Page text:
Romeo and Juliet, Act 1, Scene 1
I feel like I’ve missed a lot of great things at the St James Theatre recently, and indeed lots of great theatre starring Catherine Tate, so buying tickets for Miss Atomic Bomb was an obvious one. It’s also refreshing to hear of a new musical that isn’t based on an existing film, book, or music; which has a completely original plot. And original this certainly is! It’s just a shame that the five years which have apparently gone into developing the production aren’t particularly evident from the overall scrappiness of the narrative, as hard as the performers work to cover this up.
To quickly summarise the plot for you – or at least attempt to (!) – the whole thing takes place around Las Vegas, where in the deserts of Nevada, farm-girl Candy Johnston (Florence Andrews) and her fashion designer friend Myra (Catherine Tate) watch the atom-bombs go off like they’re a “second sunset”.
Through a series of extremely random coincidences involving an escaped soldier, a pair of ruthless gangsters, an officious bank employee, and a lot of dead sheep, Candy ends up deciding to enter the brand new Las Vegas ‘Miss Atomic Bomb’ beauty pageant. As I said, it’s complicated.
The thing is, there are quite a few funny moments in here; it’s not like it isn’t an enjoyable evening out. ‘All My Sheep Are Gone’ is utterly ridiculous, the drag queen entrant Carol (Charles Brunton) to the beauty pageant is fab, and I really appreciated the hyperbolic Les Mis-Javert tribute by Daniel Boys at the end – but it was just all so haphazardly put together that it was hard to focus a lot of the time.
It felt like each idea with potential had been developed by a different person or team and then they’d had a quick meeting and kind of smushed it all together.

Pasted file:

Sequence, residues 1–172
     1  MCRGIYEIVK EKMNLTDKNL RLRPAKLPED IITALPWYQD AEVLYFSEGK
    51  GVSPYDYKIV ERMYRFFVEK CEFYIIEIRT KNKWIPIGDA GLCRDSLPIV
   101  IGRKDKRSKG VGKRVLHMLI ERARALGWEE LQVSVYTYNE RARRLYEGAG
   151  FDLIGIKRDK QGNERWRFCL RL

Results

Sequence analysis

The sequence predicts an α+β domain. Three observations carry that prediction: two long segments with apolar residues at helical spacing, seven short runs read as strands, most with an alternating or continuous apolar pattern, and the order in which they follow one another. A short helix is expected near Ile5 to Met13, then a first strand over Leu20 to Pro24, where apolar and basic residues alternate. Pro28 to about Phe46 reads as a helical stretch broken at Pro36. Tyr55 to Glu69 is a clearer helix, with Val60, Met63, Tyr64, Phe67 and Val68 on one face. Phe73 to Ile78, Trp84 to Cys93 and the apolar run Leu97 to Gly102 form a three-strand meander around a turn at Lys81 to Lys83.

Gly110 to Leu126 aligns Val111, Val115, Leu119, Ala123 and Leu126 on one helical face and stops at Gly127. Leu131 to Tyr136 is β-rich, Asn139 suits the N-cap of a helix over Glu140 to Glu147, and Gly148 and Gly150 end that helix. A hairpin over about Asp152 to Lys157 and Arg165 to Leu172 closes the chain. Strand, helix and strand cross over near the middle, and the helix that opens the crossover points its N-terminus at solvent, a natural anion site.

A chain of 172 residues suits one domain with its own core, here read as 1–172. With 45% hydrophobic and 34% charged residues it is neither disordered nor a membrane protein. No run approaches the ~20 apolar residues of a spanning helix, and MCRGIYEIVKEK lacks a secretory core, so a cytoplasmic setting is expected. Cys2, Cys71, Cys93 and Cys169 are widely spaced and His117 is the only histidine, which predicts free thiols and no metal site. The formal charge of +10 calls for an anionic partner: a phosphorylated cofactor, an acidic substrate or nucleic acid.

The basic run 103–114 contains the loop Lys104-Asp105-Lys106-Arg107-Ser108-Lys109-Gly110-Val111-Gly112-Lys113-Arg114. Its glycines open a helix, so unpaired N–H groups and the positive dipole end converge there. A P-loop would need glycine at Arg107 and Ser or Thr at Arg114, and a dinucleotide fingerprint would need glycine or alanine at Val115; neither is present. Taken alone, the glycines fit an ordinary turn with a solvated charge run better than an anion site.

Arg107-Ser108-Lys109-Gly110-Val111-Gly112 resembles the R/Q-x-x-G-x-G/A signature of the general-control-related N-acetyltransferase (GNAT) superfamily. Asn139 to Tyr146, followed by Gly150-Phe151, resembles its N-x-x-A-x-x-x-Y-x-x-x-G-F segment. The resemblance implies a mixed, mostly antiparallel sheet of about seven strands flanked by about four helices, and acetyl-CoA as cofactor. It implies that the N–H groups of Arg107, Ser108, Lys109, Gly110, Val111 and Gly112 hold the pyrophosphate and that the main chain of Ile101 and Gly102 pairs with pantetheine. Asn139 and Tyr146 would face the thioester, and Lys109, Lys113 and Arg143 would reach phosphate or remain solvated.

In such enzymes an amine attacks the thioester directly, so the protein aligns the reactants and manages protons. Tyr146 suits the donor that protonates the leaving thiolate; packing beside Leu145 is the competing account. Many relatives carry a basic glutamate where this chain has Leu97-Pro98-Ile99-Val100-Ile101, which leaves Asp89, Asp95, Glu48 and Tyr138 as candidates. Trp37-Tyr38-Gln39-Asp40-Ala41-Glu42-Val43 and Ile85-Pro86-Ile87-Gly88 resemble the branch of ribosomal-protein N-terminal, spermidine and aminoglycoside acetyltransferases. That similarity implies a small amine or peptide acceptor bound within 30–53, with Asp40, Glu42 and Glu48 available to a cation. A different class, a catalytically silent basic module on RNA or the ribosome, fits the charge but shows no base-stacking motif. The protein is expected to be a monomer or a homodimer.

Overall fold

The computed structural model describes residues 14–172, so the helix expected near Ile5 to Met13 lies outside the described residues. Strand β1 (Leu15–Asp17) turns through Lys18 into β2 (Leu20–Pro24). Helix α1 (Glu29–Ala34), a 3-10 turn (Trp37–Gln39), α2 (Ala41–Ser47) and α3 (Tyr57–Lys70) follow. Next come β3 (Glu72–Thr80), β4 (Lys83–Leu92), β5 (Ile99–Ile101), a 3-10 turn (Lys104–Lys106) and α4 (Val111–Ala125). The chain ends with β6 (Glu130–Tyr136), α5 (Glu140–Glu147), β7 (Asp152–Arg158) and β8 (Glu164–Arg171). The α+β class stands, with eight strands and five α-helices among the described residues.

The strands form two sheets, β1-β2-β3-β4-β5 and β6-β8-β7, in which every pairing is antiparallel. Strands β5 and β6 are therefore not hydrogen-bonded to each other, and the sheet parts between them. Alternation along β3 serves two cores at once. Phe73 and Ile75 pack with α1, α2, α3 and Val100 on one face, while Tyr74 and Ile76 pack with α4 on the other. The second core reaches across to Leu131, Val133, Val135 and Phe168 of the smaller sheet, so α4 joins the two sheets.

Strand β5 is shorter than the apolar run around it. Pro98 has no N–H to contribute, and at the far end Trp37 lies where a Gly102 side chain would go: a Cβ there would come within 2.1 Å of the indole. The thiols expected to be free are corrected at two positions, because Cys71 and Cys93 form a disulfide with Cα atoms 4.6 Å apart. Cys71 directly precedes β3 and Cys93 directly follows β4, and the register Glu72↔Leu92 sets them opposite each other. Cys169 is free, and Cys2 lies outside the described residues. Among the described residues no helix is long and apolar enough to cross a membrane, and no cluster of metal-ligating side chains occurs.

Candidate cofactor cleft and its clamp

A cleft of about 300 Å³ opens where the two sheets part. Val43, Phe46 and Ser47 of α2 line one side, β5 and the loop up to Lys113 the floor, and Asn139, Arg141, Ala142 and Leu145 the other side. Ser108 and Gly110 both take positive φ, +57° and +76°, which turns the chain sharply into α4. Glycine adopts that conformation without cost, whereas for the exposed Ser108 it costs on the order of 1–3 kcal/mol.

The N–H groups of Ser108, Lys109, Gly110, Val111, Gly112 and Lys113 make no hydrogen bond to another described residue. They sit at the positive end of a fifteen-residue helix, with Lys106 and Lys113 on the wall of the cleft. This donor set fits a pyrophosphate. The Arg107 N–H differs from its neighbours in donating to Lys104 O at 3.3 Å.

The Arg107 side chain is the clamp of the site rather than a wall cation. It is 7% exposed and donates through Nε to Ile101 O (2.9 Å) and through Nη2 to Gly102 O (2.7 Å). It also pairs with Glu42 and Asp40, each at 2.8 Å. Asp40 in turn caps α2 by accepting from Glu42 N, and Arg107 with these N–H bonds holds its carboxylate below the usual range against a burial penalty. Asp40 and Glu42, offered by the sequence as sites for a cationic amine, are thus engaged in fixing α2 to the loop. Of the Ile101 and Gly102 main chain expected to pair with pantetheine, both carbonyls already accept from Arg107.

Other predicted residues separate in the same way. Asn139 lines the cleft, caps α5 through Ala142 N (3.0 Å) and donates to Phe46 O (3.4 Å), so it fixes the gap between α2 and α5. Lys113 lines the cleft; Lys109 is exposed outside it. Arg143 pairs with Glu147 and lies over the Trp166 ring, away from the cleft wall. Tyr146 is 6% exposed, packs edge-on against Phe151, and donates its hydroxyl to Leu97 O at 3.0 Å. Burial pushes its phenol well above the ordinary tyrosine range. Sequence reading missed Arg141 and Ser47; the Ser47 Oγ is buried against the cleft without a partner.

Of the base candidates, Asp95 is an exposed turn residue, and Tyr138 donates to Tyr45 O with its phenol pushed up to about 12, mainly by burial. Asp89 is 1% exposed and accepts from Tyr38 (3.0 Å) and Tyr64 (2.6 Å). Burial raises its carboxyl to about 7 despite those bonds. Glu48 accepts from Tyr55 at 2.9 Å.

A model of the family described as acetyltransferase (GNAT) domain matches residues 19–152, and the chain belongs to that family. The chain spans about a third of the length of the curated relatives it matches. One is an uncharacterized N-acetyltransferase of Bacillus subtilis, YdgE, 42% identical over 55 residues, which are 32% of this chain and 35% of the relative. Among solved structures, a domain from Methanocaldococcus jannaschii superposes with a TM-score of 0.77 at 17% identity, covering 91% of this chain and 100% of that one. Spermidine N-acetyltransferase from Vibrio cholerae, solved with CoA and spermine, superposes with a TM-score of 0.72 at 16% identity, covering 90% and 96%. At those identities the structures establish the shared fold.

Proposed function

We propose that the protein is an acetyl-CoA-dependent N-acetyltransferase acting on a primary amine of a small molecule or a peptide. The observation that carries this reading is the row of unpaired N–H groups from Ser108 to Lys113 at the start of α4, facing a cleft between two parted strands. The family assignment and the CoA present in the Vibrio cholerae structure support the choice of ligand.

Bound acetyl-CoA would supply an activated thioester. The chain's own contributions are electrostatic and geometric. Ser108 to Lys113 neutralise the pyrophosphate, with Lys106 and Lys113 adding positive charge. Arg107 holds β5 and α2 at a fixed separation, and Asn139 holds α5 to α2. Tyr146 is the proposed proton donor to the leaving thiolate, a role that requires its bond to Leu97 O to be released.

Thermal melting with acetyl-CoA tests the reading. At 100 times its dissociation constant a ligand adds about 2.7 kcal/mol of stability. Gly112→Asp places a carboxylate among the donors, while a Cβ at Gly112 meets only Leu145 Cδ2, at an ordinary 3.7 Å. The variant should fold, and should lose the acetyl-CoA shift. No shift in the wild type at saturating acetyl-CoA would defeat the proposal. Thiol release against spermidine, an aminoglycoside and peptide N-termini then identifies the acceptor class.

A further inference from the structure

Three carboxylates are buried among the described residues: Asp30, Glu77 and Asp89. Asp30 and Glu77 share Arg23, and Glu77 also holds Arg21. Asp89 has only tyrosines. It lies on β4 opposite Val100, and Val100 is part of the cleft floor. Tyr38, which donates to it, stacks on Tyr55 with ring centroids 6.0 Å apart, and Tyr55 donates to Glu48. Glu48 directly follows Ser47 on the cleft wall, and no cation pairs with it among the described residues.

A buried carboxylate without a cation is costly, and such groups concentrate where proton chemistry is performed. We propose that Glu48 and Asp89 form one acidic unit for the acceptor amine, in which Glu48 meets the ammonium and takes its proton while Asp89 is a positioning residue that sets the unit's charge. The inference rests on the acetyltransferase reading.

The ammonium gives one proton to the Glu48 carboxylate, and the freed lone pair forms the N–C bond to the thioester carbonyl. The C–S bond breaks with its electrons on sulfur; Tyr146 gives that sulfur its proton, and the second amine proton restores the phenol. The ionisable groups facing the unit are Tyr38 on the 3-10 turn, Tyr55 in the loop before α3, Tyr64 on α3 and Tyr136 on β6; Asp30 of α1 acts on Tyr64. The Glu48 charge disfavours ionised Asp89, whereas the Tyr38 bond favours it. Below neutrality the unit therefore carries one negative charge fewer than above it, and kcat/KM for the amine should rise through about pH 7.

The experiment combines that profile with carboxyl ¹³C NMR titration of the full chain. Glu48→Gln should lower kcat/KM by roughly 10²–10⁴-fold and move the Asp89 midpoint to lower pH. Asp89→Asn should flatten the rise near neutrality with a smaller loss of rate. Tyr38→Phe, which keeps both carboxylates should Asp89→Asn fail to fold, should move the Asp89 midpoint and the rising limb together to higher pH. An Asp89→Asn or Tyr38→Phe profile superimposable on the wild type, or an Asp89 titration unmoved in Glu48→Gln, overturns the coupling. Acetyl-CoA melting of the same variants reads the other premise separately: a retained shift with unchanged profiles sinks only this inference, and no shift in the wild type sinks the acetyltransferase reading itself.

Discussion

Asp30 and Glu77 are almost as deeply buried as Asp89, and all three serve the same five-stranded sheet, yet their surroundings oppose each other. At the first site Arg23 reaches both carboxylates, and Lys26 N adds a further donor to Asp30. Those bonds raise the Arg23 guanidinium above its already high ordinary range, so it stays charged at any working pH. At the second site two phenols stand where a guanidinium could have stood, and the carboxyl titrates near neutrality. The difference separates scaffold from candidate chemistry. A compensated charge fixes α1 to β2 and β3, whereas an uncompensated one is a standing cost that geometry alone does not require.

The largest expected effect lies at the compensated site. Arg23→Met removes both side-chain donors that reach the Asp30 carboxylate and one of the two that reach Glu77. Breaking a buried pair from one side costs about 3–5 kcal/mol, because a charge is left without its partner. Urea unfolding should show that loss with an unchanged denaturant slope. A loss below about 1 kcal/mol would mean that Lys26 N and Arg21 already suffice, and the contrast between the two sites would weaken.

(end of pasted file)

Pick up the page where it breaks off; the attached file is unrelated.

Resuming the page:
This means there are several amusing jokes either buried under tons of dancing Las Vegas girls, crazy scientists or army generals, or drawn out for rather too long – like Simon Lipkin and Tate’s duet about sugar daddies and beards (I can’t find the titles of the songs anywhere, and I was too cheap to buy a programme, sorry!).
To be more succinct, the jokes are either dwelt on too much, or not dwelt on enough. The timing of the script seems off, a fault saved only by the excellent comic timing of some of the cast, particularly Lipkin and Tate.
The singing was also of an extremely high quality. In the lead male role of Joey, Dean John-Wilson produced some absolutely beautiful moments, particularly those in his higher range. I found myself thinking about downloading the soundtrack simply because of the vocals to be honest. It was just a shame we didn’t really get a proper exploration of his character; and that, in the twenty-first century, we’re still lumped with the whole ‘boy-meets-girl, they fall in love almost at first sight (or at least within the space of a song), and change everything bad about themselves in order to get together’ trope. To be fair, Joey and Candy’s relationship could perhaps be taken as a pastiche of this, but only at a pinch.
Thank god Tate and Lipkin’s characters had a more interesting relationship. Still, Andrews’ voice, too, was lovely and very expressive. Tate had a fine pair of lungs on her, although – as I think many have noted – her accent sways from Southern to Australian and back with astonishing rapidity.
This is a show, then, where the overall scrappiness of plot, and the general blandness of the music lets a strong cast down. Tate and Lipkin’s comic talent deserves better than jokes about having a long name, or being shot in the foot. I should also mention David Birrell’s excellently camp number in the role of General Westcott. There were just so many random moments in this musical that the real issues of nuclear bombs, when to run away and when to stick around, and indeed the central love story between Candy and Joey weren’t focused on nearly enough. That being said, it’s still an enjoyable evening out; the cast is of a high enough quality to smooth over the cracks, and there are quite a few pretty funny moments. Miss Atomic Bomb isn’t one you should be hurrying to buy tickets for, but if you’ve already booked definitely go, you’ll have a fun night out.
Miss Atomic Bomb at the St James Theatre: 2/5 stars